Savannah's small size doesn’t mean it lacks distinct neighborhoods, each with their own character and reasons to visit.

From the picturesque Downtown to the artsy Starlands, each neighborhood has its own distinct charm. It's the perfect city to explore on foot as there's so much to discover and the green spaces and parks are among the best you'll find in an urban setting. Here’s everything you need to know about the top neighborhoods in Savannah.

Downtown / Historic Savannah

Best for history buffs

Best for being in the heart of the hustle and bustle, Downtown Savannah is full of charm and Southern hospitality but its also one of the nation's most notable historic districts. The neighborhood is composed of Savannah's historic squares, museums, homes, restaurants and other structures dating back hundreds of years.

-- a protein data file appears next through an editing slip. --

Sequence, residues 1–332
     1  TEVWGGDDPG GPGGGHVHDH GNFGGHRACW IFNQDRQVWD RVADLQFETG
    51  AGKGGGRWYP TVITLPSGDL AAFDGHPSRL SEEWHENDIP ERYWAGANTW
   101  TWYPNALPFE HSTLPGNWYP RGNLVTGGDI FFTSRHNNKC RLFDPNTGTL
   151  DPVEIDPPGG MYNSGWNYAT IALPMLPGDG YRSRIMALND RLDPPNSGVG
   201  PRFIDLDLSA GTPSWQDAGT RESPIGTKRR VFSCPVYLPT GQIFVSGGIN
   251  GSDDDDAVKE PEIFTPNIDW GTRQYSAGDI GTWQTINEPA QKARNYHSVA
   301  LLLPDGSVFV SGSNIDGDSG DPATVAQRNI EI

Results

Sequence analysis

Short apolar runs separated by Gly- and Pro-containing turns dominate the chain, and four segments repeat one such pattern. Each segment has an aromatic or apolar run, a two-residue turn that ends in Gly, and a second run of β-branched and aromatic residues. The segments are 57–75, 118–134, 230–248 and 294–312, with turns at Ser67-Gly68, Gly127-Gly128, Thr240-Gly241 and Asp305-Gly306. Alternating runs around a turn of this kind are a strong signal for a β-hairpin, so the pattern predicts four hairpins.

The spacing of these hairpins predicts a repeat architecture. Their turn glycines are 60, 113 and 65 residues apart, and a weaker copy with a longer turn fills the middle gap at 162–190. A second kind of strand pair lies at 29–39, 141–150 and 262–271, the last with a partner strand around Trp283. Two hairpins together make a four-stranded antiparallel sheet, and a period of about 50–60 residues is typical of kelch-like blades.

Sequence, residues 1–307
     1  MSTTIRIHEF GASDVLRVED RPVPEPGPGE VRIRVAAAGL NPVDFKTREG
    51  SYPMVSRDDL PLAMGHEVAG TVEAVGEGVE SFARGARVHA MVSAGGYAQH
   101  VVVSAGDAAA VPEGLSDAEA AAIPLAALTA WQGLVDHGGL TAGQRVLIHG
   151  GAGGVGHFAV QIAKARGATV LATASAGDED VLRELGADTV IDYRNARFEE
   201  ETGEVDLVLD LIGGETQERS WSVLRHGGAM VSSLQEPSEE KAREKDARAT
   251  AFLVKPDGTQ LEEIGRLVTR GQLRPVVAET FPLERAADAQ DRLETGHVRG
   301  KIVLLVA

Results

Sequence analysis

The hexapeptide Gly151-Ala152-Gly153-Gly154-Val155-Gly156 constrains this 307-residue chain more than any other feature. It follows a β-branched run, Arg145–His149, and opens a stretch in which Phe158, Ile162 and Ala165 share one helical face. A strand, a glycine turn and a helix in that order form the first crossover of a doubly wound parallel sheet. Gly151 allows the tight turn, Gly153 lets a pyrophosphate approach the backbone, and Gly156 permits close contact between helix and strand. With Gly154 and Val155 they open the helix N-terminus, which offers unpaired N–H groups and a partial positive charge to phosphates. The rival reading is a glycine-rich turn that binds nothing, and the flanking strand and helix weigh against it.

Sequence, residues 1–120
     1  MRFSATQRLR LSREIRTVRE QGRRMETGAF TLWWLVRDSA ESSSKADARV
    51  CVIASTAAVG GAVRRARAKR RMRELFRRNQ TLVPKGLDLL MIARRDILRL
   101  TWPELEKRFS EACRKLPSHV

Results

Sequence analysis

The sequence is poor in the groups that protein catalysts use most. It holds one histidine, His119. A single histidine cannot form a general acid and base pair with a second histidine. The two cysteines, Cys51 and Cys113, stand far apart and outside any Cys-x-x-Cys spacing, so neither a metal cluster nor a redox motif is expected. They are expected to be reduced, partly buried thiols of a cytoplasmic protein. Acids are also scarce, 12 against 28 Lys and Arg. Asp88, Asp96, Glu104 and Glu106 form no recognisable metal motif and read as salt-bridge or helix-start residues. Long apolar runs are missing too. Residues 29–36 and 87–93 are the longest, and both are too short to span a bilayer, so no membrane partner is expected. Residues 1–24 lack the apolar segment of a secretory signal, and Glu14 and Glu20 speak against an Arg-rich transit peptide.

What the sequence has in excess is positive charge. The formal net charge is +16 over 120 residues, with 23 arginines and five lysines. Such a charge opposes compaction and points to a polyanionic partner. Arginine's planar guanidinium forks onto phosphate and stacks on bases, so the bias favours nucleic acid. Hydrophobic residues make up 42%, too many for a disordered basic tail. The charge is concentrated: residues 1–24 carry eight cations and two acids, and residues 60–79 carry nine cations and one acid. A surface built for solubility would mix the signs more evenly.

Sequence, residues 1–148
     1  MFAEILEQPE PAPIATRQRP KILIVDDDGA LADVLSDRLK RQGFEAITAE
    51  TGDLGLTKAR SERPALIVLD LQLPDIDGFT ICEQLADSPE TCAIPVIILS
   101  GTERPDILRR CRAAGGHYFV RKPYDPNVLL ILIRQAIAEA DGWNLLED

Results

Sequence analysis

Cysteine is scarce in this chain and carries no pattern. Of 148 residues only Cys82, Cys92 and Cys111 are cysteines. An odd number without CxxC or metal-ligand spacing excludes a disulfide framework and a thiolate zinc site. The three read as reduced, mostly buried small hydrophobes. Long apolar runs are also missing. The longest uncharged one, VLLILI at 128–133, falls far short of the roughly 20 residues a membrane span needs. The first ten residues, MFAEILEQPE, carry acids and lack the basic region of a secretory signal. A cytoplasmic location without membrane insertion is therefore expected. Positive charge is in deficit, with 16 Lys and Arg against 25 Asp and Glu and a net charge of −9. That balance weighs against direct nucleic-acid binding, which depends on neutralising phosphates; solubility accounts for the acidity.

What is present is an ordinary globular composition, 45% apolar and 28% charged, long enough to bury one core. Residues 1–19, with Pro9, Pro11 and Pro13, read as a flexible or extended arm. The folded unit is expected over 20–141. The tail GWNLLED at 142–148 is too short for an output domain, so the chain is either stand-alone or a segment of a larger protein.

The 22 historic squares, each located within the downtown historic district, provide common areas for public use and recreation, which include benches and shaded areas for picnics. They are mostly 200 x 200 ft.

The neighborhood boasts some of the best museums in the country like the Telfair Academy – the oldest public art museum in the South, dating back to 1886. There are over 6300 works of art ranging from American Impressionism to European sculpture.

The Savannah History Museum contains more than 10,000 artifacts dating back to 1733 when Savannah was incorporated. The Railroad Museum is a National Historic Landmark and is located in the former Central of Georgia Railway.